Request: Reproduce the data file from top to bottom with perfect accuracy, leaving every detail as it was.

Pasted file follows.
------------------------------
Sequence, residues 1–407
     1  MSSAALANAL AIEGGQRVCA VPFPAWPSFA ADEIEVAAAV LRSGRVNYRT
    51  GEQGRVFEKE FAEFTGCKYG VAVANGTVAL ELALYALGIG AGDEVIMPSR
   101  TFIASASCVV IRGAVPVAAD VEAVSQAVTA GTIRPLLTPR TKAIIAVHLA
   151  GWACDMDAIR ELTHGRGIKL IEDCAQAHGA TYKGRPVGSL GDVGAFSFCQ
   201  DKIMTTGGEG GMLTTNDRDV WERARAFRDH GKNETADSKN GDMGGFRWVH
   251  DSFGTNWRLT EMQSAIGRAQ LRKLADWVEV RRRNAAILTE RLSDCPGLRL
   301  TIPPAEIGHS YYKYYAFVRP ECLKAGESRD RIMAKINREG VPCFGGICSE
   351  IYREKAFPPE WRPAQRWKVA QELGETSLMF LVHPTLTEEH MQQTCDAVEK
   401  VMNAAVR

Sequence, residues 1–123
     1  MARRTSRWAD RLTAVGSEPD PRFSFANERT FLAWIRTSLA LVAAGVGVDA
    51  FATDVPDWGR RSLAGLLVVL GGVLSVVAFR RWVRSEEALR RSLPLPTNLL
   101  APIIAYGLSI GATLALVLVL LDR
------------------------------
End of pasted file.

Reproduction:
Sequence, residues 1–407
     1  MSSAALANAL AIEGGQRVCA VPFPAWPSFA ADEIEVAAAV LRSGRVNYRT
    51  GEQGRVFEKE FAEFTGCKYG VAVANGTVAL ELALYALGIG AGDEVIMPSR
   101  TFIASASCVV IRGAVPVAAD VEAVSQAVTA GTIRPLLTPR TKAIIAVHLA
   151  GWACDMDAIR ELTHGRGIKL IEDCAQAHGA TYKGRPVGSL GDVGAFSFCQ
   201  DKIMTTGGEG GMLTTNDRDV WERARAFRDH GKNETADSKN GDMGGFRWVH
   251  DSFGTNWRLT EMQSAIGRAQ LRKLADWVEV RRRNAAILTE RLSDCPGLRL
   301  TIPPAEIGHS YYKYYAFVRP ECLKAGESRD RIMAKINREG VPCFGGICSE
   351  IYREKAFPPE WRPAQRWKVA QELGETSLMF LVHPTLTEEH MQQTCDAVEK
   401  VMNAAVR

Sequence, residues 1–123
     1  MARRTSRWAD RLTAVGSEPD PRFSFANERT FLAWIRTSLA LVAAGVGVDA
    51  FATDVPDWGR RSLAGLLVVL GGVLSVVAFR RWVRSEEALR RSLPLPTNLL
   101  APIIAYGLSI GATLALVLVL LDR